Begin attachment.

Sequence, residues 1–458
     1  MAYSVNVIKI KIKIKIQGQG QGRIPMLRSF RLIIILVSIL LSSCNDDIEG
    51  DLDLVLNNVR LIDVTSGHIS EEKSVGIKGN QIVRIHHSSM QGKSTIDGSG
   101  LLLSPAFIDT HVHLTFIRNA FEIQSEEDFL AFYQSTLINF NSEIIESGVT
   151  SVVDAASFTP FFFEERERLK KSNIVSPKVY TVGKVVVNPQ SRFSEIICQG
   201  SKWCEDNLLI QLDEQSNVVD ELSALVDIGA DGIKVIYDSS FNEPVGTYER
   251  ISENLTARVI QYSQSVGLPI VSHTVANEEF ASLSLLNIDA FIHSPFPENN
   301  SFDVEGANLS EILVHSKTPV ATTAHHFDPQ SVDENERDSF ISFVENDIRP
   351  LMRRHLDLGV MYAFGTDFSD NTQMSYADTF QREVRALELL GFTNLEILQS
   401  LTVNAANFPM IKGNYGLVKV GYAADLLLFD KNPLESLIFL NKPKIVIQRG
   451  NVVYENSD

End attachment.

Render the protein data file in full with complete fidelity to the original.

Sequence, residues 1–458
     1  MAYSVNVIKI KIKIKIQGQG QGRIPMLRSF RLIIILVSIL LSSCNDDIEG
    51  DLDLVLNNVR LIDVTSGHIS EEKSVGIKGN QIVRIHHSSM QGKSTIDGSG
   101  LLLSPAFIDT HVHLTFIRNA FEIQSEEDFL AFYQSTLINF NSEIIESGVT
   151  SVVDAASFTP FFFEERERLK KSNIVSPKVY TVGKVVVNPQ SRFSEIICQG
   201  SKWCEDNLLI QLDEQSNVVD ELSALVDIGA DGIKVIYDSS FNEPVGTYER
   251  ISENLTARVI QYSQSVGLPI VSHTVANEEF ASLSLLNIDA FIHSPFPENN
   301  SFDVEGANLS EILVHSKTPV ATTAHHFDPQ SVDENERDSF ISFVENDIRP
   351  LMRRHLDLGV MYAFGTDFSD NTQMSYADTF QREVRALELL GFTNLEILQS
   401  LTVNAANFPM IKGNYGLVKV GYAADLLLFD KNPLESLIFL NKPKIVIQRG
   451  NVVYENSD